This video was created and posted on YouTube by BooUrns28. It’s a tour of Coney Island and includes some of his thoughts and memories delivered in sterling Brooklynese.  If you are viewing this post from an email subscription, you’ll have to link to The Poet by Day to see it.

The lagoon and tower at Dreamland Park, Coney Island, Brooklyn, New York, 1907.
The lagoon and tower at Dreamland Park, Coney Island, Brooklyn, New York, 1907.

One belongs to Coney Island instantly . . . “

I’m playing with writing a poem about the Coney Island of my childhood and youth. I know “the good old days” weren’t what they’re cracked up to be and nostalgia is an unhealthy indulgence. Occasionally, however, it provides momentary relief from the questions and tensions of the present.

The materialistic 50s and rebellious 60s: Lugging bags with bathing suits, the requisite portable radio, beach blanket and towels, hopping on the BMT, enduring summer’s outrageous heat and humidity, and heading for Stillwell Avenue and Coney Island, a place of delicously unhealthy food and all that is weird but engaging.


The raucous Coney Island rides were never to my taste, but some of the strange shows, the boardwalk, the people-watching, the beach, riding the waves, the carnival games, Nathan’s Famous hot dogs and french fries, and holding out for Surf Avenue and Shatzkin’s potato knishes . . . . . . these were fascinations.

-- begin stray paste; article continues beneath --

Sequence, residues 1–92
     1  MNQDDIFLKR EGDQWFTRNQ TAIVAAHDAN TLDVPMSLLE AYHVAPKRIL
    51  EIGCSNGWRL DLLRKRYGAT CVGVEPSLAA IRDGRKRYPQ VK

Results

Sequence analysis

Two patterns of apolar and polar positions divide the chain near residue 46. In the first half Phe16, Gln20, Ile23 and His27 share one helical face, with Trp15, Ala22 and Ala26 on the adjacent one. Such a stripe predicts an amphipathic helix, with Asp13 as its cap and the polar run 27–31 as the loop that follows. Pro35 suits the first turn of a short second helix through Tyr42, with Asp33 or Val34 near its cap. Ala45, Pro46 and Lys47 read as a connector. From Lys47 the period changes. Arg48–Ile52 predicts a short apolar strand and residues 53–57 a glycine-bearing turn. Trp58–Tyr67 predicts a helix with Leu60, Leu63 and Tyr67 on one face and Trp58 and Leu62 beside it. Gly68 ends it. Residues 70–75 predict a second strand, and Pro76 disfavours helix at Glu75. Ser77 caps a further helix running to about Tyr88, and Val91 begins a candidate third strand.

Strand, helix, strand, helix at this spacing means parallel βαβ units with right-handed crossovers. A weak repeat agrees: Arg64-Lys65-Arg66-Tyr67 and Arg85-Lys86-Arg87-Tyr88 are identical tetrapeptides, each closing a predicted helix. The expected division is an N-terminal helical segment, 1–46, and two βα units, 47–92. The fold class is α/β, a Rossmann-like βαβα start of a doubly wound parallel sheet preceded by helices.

The old Coney Island was once so much a part of American iconography and honky-tonk subculture that it’s probably on your radar even if you’ve never been there. It’s the stuff of artists rendering in everything creative: photography, movies, music, fine arts, books, and poems. Link here to a short film, In Memoriam, Coney Island 1952, which was an International Venice Film Festival prizewinner. The narrator is Henry Morgan. This movie catches the flavor of the place as I and my contemporaries knew it with its incredible crowds and all that is odd, funny, vulgar, dubious, kitschy …  and yet, somehow perfectly wonderful.

© 2016, words, Jamie Dedes; photo credits ~ Dreamland Tower, public domain photograph courtesy of the U.S. Library of Congress, Nathan’s Famous photograph courtesy of Willyumdelirious under CC BY 2.0 license.